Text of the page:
It’s been a long time since I got inspired to have thoughts worth writing down. But today I watched an Oscar nominated movie “The Reader”, thanks to nothing being available to watch on television. When I started watching it, I must admit I could not understand where was the story leading to. Was it some kind of Freudian movie? (Generally I don’t like to read the plots of movies beforehand – it takes away the anticipations. So all I knew about this movie was that it was about a woman who had once worked with the Nazis and was indicted later for that.).
So I persisted and then slowly the story started unfolding. It portrayed the complexity of human mind so well that I was convinced that it deserved an Oscar (I haven’t seen the other movies which were nominated in that category and they might have been as well too but this movie did justice to the award).
I have liked Kate Winslet as an actor but probably her potential has been best utilized in this movie.
Now there is this scene wherein Hannah Schmidt (Kate Winslet) is on trial and she is quite honest about what she did as a guard of a concentration camp. But the others who worked with her deny all charges. (I guess mostly everyone would want to save himself/herself from punishment no matter whether the crime was big or small.) So they put the entire blame on her. And now that part comes which shows how many varied emotions can we humans have.
When the jury wants to see a sample of her handwriting to ascertain whether she wrote some report or not, she accepts the blame even though she was being framed.
Why? Not because she was repentant, but just because she was ashamed of being an illiterate! She didn’t want to let anyone know that she could not read or write! She didn’t protest, knowing full well that the punishment would be severe if the charges on her were proven. But what does she do? She simply accepts that! (Then the jigsaw puzzle falls into place – on being given a menu once on a cycling trip with Michael, she says to him “I’ll have what you have” – at this juncture you realize that she said that because she couldn’t read!)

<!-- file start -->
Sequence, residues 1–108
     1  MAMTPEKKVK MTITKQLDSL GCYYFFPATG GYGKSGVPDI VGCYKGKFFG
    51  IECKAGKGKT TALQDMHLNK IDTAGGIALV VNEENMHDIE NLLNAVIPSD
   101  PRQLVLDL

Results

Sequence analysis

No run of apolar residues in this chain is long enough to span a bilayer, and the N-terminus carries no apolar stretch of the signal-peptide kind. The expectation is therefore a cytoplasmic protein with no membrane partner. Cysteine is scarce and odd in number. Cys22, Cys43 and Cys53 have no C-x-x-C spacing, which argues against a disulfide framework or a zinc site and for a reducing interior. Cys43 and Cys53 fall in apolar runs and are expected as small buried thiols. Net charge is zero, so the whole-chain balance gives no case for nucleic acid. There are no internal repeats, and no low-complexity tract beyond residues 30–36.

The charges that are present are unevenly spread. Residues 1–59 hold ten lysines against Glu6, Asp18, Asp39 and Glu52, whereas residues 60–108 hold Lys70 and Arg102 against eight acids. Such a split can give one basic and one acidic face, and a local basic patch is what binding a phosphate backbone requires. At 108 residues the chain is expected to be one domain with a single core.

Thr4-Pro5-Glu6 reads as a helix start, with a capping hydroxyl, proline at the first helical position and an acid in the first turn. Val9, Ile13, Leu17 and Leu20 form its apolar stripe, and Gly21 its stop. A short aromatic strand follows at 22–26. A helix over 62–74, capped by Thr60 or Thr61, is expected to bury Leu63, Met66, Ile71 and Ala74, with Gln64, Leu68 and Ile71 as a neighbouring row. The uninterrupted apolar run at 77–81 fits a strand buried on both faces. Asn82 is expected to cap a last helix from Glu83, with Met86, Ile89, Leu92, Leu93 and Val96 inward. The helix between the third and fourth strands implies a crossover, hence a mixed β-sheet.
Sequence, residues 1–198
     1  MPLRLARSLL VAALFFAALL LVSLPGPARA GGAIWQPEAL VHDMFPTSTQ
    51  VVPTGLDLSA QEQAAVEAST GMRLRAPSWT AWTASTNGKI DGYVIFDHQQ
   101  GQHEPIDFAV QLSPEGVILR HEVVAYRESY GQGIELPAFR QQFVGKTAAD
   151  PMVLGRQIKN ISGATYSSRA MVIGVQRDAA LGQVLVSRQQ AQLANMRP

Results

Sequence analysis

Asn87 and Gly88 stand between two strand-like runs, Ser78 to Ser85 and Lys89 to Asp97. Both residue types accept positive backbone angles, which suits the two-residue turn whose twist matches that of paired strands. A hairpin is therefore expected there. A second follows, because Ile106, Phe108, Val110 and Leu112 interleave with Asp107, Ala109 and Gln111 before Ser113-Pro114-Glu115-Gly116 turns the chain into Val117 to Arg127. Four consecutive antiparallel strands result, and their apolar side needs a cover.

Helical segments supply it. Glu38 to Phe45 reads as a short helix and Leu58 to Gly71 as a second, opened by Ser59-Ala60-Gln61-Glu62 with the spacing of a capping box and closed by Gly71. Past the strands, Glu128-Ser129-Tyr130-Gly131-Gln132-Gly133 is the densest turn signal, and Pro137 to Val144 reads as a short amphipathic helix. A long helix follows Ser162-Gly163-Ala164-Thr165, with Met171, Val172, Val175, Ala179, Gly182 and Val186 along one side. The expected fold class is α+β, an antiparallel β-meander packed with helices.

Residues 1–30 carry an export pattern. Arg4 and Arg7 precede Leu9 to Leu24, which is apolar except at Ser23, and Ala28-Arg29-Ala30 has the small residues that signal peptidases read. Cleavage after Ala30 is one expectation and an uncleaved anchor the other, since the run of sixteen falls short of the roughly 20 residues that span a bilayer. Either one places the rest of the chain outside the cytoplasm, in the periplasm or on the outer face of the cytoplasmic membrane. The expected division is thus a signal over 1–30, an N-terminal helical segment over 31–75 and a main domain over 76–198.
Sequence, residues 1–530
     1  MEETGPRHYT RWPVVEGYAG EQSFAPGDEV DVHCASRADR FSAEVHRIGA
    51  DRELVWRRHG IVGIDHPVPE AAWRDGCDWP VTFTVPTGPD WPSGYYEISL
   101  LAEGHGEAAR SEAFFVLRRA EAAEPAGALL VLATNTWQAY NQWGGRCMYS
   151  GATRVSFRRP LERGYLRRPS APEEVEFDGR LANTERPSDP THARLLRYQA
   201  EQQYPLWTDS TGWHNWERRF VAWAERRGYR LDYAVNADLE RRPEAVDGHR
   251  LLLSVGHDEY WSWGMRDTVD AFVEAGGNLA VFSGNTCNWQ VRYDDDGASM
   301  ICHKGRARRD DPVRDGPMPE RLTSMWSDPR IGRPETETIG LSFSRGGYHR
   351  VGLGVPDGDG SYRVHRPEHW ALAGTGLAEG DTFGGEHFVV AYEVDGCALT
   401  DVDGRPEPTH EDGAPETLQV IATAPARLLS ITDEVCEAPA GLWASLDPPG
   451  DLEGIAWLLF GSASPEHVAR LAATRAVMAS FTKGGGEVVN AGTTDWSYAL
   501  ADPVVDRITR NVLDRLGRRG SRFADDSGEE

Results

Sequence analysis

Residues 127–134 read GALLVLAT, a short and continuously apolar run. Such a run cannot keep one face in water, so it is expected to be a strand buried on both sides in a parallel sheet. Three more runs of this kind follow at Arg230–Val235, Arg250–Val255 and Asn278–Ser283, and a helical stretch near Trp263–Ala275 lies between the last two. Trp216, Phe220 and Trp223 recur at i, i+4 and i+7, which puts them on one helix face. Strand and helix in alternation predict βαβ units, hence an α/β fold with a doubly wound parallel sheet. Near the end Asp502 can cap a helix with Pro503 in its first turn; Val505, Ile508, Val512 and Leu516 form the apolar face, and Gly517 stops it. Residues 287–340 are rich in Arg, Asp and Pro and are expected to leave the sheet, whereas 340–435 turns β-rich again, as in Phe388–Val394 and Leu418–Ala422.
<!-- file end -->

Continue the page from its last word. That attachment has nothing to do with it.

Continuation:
There was another question raised in the movie (and is often asked) – when everyone knew what was happening in these concentration camps, why did no one say anything? Why did people act as if all that was not happening – just because it was happening with their neighbors and not them? I am sure (and as I have also read) that there definitely were people who tried to help but that was done clandestinely. There was nothing like a joint protest – like in India we had Gandhi ji leading the freedom movement – of course he could not have done things alone if there were not the masses behind him. May be that is another feature of human beings – most of the people need someone to give his/her voice to THEIR feelings and then they are ready to follow.
But I will come back on track and not go into the “whys” and “hows” of things. My musings were only about the human thought process, some aspects of which were shown in this movie.
Another part that touched me was how Hannah left her savings to the girl who survived the concentration camp – whose book had formed the basis of her being charged in the first place. When Michael brings that box with her money to this girl, then we realize that she knew that this girl had a tin box while she was in the camp, in which she kept her precious stuff – not monetarily precious – but the ones that had sentimental value for her. So Hannah puts all her money in the tin box to be given to this girl. This girl, now a woman in her middle age, keeps the tin box and asks Michael to make use of that money in a way that he thinks best – they both decide that the money would be used for the purpose of spreading literacy – because after all, Hannah was an illiterate but she loved being read to – as though trying to fill the void that she felt in not being educated herself.
So overall the movie principally is not about Nazis or the holocaust or anything like that – it is all about the trappings of the human mind which we call emotions. The confusions, the guilt, the shame, the angst, the helplessness, the fear interspersed with occasional joyous moments – eveything.
Very well written, well directed and well enacted and therfore the well deserved award.